Buried beneath the tons of propaganda — from the landing of the English “pilgrims” (fanatic Protestant Christian evangelicals) to James Fennimore Cooper’s phenomenally popular “Last of the Mohicans” claiming “natural rights” to not only the indigenous peoples territories but also to the territories claimed by other European powers — is the fact that the founding of the United States was a division of the Anglo empire, with the US becoming a parallel empire to Great Britain. From day one, as was specified in the Northwest Ordinance that preceded the US Constitution, the new republic for empire (as Jefferson called the US) envisioned the future shape of what is now the lower 48 states of the US. They drew up rough maps, specifying the first territory to conquer as the “Northwest Territory,” ergo the title of the ordinance. That territory was the Ohio Valley and the Great Lakes region, which was filled with indigenous farming communities.
Once the conquest of the “Northwest Territory” was accomplished through a combination of genocidal military campaigns and bringing in European settlers from the east, and the indigenous peoples moved south and north for protection into other indigenous territories, the republic for empire annexed Spanish Florida where runaway enslaved Africans and remnants of the indigenous communities that had escaped the Ohio carnage fought back during three major wars (Seminole wars) over two decades. In 1828, President Andrew Jackson (who had been a general leading the Seminole wars) pushed through the Indian Removal Act to force all the agricultural indigenous nations of the Southeast, from Georgia to the Mississippi River, to transfer to Oklahoma territory that had been gained through the “Louisiana Purchase” from France. Anglo settlers with enslaved Africans seized the indigenous agricultural lands for plantation agriculture in the Southern region. Many moved on into the Mexican province of Texas — then came the US military invasion of Mexico in 1846, seizing Mexico City and forcing Mexico to give up its northern half through the 1848 Treaty of Guadalupe Hidalgo. California, Arizona, New Mexico, Colorado, Utah, Texas were then opened to “legal” Anglo settlement, also legalizing those who had already settled illegally, and in Texas by force. The indigenous and the poor Mexican communities in the seized territory, such as the Apache, Navajo, and Comanche, resisted colonization, as they had resisted the Spanish empire, often by force of arms, for the next 40 years. The small class of Hispanic elites welcomed and collaborated with US occupation.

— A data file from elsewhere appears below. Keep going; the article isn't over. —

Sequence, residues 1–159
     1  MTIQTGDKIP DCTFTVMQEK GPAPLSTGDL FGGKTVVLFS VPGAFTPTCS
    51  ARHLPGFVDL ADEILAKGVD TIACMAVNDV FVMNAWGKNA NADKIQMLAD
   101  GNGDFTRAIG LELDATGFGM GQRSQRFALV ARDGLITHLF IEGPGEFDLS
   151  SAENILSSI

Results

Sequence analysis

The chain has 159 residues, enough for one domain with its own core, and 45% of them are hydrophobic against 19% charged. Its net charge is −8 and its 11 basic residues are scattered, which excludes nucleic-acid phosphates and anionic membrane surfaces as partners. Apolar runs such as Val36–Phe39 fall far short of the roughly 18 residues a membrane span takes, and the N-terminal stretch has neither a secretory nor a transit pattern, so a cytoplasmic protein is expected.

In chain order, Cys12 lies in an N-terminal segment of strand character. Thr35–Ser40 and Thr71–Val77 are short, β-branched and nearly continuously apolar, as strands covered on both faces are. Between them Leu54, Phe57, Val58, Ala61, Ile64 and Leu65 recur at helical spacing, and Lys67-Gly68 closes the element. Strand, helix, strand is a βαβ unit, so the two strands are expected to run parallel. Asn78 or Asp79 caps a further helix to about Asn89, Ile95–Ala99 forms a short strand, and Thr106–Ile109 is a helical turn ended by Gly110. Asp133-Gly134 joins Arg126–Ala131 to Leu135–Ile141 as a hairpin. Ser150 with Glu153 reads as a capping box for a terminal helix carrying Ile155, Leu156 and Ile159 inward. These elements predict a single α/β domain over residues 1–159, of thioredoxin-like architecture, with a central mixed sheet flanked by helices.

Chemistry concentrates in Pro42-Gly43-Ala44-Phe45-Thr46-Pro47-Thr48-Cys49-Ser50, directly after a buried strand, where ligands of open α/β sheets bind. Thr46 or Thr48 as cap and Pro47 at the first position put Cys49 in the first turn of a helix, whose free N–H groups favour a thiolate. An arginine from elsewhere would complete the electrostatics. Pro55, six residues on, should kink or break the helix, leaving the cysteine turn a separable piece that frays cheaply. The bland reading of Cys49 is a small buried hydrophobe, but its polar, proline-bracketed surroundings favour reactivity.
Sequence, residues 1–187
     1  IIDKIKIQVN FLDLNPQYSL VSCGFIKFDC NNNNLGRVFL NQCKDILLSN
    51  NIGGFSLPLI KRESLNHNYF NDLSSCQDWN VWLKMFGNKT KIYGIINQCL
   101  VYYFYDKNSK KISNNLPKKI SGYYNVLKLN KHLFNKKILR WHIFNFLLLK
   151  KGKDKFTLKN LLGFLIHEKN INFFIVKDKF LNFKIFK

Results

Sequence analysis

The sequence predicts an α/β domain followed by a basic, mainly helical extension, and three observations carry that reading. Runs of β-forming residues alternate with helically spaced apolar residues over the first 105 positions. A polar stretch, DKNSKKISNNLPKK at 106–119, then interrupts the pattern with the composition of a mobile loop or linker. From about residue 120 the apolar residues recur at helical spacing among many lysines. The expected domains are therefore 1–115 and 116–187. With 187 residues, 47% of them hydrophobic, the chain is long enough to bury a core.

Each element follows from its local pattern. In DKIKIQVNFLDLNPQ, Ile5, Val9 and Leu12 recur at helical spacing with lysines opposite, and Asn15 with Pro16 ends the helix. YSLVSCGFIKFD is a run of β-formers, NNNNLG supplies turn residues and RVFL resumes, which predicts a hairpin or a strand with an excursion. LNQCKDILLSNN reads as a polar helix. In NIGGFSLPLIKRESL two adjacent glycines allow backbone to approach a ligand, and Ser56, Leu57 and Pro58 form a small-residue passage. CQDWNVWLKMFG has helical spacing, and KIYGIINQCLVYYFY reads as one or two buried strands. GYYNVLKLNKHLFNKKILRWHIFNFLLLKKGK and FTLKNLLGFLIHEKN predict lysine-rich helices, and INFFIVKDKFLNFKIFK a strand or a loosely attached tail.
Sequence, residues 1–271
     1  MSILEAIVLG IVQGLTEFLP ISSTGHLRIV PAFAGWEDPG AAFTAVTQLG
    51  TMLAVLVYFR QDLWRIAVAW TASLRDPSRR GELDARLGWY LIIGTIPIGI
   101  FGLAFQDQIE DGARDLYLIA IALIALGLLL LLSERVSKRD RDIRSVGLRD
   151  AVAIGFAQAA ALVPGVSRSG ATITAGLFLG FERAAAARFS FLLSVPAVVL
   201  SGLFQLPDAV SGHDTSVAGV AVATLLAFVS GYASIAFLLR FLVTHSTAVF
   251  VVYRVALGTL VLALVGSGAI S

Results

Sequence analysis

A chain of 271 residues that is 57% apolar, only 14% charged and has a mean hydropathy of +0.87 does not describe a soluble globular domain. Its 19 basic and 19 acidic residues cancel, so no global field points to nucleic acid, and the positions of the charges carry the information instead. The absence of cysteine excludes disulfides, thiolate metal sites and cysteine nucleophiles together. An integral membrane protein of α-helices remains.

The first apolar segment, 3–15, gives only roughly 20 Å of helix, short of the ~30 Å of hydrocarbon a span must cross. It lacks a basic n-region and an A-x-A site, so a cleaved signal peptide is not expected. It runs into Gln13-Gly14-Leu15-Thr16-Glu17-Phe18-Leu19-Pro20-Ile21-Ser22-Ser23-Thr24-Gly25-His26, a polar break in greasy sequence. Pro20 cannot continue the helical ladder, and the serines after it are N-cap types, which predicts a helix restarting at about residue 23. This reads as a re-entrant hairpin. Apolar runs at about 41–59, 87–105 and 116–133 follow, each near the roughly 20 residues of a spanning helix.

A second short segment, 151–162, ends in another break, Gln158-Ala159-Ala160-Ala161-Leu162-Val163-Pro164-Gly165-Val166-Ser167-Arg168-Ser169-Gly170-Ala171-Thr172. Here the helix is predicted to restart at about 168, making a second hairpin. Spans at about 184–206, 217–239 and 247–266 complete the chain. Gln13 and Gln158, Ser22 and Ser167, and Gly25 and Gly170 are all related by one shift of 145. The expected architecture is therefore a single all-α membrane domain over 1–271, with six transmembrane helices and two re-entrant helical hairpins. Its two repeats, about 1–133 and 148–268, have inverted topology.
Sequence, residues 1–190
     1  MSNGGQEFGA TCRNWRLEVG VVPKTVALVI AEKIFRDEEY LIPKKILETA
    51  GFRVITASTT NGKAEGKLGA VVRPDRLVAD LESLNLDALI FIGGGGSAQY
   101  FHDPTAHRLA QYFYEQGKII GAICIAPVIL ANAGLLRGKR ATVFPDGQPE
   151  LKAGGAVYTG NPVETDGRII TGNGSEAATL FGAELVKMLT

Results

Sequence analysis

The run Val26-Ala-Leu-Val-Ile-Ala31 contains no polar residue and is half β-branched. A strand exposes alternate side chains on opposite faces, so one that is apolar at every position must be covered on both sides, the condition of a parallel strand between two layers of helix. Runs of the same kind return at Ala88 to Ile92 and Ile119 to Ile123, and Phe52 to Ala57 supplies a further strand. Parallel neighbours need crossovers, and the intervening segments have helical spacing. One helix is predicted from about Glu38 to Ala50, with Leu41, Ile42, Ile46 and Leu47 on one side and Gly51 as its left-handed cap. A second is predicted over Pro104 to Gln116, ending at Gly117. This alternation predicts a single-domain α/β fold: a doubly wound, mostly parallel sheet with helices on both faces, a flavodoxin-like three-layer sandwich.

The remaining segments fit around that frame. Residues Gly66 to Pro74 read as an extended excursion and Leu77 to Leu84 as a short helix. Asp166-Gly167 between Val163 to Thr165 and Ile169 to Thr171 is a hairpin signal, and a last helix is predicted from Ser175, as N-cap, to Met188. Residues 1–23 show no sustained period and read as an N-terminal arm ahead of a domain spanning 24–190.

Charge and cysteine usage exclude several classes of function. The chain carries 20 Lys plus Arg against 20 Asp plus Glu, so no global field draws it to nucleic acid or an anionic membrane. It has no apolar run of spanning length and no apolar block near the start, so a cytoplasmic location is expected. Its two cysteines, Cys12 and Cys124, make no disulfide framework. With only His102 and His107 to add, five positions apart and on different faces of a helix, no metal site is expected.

Are “immigrants” the appropriate designation for the indigenous peoples of North America? No.
Are “immigrants” the appropriate designation for enslaved Africans? No.
Are “immigrants” the appropriate designation for the original European settlers? No.
Are “immigrants” the appropriate designation for Mexicans who migrate for work to the United States? No. They are migrant workers crossing a border created by US military force. Many crossing that border now are also from Central America, from the small countries that were ravaged by US military intervention in the 1980s and who also have the right to make demands on the United States.
So, let’s stop saying “this is a nation of immigrants.”
Roxanne Dunbar-Ortiz is a long-time activist, university professor, and writer. In addition to numerous scholarly books and articles, she has written three historical memoirs, Red Dirt: Growing Up Okie (Verso, 1997), Outlaw Woman: Memoir of the War Years, 1960-1975 (City Lights, 2002), and Blood on the Border: A Memoir of the Contra War (South End Press, 2005) about the 1980s contra war against the Sandinistas.